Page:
I always love it when people get sucked in to Jim Boeheim's bravado in interviews and press conferences because that's all it ever is. When he spends months upon months talking about how last season was fantastic and there were no issues and he doesn't really care and that retirement could be any day now, most Syracuse Orange fans know by now that he's puffing out his chest either for the local media, whom he doesn't want to open up to, or the national media, who just take things at face value anyway.
But everyone once in a while, he lets down his guard. It usually happens right before the next season. All of a sudden, all of those things he said during last season that seemed unlikely are proven as such. He becomes human again. Or at least, a slightly-less curmudgeony one.
Jimmy is currently at Creighton University for a three-day clinic that begins Friday afternoon at D.J. Sokol Arena. Jim is the headliner but he'll be joined by coaches such as Minnesota's Tubby Smith and Kansas State’s Bruce Weber (and, possibly you, if you like). He took some time out of his schedule to do an interview with Steve Pivovar of the World-Herald. I don't know how he did it but he happened to get some of those honest answers out of Boeheim that we've all been waiting for regarding last season.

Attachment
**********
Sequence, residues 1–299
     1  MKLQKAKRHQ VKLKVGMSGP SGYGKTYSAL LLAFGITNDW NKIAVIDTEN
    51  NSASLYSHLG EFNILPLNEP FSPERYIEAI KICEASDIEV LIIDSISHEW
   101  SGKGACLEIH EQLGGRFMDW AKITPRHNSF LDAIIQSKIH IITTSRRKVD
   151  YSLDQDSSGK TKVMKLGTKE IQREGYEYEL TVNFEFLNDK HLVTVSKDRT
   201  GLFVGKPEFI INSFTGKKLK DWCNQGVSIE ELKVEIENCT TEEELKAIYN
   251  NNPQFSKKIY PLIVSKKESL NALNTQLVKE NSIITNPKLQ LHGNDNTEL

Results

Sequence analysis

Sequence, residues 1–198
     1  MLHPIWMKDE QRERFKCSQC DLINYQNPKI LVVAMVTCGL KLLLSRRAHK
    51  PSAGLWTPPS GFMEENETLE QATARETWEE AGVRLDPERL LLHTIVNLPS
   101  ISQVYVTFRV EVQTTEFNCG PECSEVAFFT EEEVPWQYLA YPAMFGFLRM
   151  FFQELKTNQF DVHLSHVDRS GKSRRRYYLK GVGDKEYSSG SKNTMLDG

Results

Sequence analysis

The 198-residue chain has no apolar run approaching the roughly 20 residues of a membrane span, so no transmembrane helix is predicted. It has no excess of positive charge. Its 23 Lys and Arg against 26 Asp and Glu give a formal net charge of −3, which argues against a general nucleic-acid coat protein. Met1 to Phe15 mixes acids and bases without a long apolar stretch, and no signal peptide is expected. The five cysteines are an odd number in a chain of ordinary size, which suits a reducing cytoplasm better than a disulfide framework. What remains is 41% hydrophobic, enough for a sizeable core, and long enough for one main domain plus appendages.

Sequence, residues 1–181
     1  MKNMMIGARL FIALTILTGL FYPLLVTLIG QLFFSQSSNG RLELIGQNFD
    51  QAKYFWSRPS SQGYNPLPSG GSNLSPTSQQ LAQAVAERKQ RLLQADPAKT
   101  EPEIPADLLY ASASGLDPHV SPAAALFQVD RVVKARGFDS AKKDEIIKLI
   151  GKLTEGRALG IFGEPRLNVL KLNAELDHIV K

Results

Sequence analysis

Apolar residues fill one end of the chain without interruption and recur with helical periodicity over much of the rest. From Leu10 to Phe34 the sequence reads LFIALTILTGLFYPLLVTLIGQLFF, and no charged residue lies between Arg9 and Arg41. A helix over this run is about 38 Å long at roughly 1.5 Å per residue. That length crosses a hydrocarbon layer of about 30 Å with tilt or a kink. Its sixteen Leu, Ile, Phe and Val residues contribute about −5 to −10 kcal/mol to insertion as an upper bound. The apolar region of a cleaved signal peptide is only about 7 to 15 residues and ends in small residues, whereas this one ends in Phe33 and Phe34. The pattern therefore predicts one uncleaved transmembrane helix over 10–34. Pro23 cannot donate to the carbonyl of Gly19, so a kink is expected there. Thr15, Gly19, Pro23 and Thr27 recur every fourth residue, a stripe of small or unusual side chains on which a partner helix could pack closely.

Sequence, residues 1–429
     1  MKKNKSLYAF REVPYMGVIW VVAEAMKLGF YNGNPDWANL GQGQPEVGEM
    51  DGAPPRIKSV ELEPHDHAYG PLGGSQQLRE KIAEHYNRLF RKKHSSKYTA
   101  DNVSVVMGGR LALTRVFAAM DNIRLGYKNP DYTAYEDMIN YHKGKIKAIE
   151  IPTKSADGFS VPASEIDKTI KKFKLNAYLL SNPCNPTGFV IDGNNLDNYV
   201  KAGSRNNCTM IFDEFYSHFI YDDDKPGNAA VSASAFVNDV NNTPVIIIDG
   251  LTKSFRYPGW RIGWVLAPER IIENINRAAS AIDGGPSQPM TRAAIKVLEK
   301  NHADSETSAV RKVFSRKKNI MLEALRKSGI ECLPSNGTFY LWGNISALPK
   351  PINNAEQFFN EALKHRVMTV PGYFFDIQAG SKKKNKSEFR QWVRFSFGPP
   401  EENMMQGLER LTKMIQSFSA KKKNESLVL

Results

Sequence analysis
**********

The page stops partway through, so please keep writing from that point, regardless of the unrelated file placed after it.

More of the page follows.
On Syracuse's move to the ACC...
"I’d like to stay close to the area where we’re located. And that’s one reason we’re going to the ACC. The Big East was getting too spread out, now that there are going to be two schools in Texas. In the ACC, other than our trip to Miami, most of our other trips are within an hour and a half. Plus, there will be six former Big East schools in the ACC."
On whether or not he's still excited about coaching...
"I’m just as excited about that now as I was in my first year or 10th year or 20th year. I still have that desire to go out there and compete, and I’m fortunate that I’m still able to do it...I feel just as strongly about everything that you need to do in this job as I ever have. Those feelings aren’t getting any weaker."
On dealing with the Bernie Fine situation during last season:
Certainly, last year was a difficult time to go through but I felt I owed it to that group to do the best coaching job that I could do. That superseded anything that might be happening on the outside...It was a difficult year with a lot of things going on but we still managed to have the best regular season that we’ve ever had. That says a lot about our players...The good parts definitely re-energized me, and the bad parts beat you down.